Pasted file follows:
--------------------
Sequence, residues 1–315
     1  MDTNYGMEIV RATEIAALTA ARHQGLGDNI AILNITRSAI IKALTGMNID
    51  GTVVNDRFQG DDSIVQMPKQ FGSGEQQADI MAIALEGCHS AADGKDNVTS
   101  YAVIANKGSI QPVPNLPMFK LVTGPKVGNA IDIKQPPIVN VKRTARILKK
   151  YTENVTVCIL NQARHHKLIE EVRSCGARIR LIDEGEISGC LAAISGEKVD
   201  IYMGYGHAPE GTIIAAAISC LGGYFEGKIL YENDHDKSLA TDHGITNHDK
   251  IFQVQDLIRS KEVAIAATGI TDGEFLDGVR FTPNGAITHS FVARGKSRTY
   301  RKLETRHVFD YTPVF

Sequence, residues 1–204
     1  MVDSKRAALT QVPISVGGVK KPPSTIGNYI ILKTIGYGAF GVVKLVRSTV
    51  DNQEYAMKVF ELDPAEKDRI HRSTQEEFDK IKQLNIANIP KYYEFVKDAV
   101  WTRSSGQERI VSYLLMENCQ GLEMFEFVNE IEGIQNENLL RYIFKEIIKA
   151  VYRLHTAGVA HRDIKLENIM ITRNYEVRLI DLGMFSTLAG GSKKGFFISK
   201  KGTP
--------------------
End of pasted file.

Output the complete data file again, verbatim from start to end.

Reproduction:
Sequence, residues 1–315
     1  MDTNYGMEIV RATEIAALTA ARHQGLGDNI AILNITRSAI IKALTGMNID
    51  GTVVNDRFQG DDSIVQMPKQ FGSGEQQADI MAIALEGCHS AADGKDNVTS
   101  YAVIANKGSI QPVPNLPMFK LVTGPKVGNA IDIKQPPIVN VKRTARILKK
   151  YTENVTVCIL NQARHHKLIE EVRSCGARIR LIDEGEISGC LAAISGEKVD
   201  IYMGYGHAPE GTIIAAAISC LGGYFEGKIL YENDHDKSLA TDHGITNHDK
   251  IFQVQDLIRS KEVAIAATGI TDGEFLDGVR FTPNGAITHS FVARGKSRTY
   301  RKLETRHVFD YTPVF

Sequence, residues 1–204
     1  MVDSKRAALT QVPISVGGVK KPPSTIGNYI ILKTIGYGAF GVVKLVRSTV
    51  DNQEYAMKVF ELDPAEKDRI HRSTQEEFDK IKQLNIANIP KYYEFVKDAV
   101  WTRSSGQERI VSYLLMENCQ GLEMFEFVNE IEGIQNENLL RYIFKEIIKA
   151  VYRLHTAGVA HRDIKLENIM ITRNYEVRLI DLGMFSTLAG GSKKGFFISK
   201  KGTP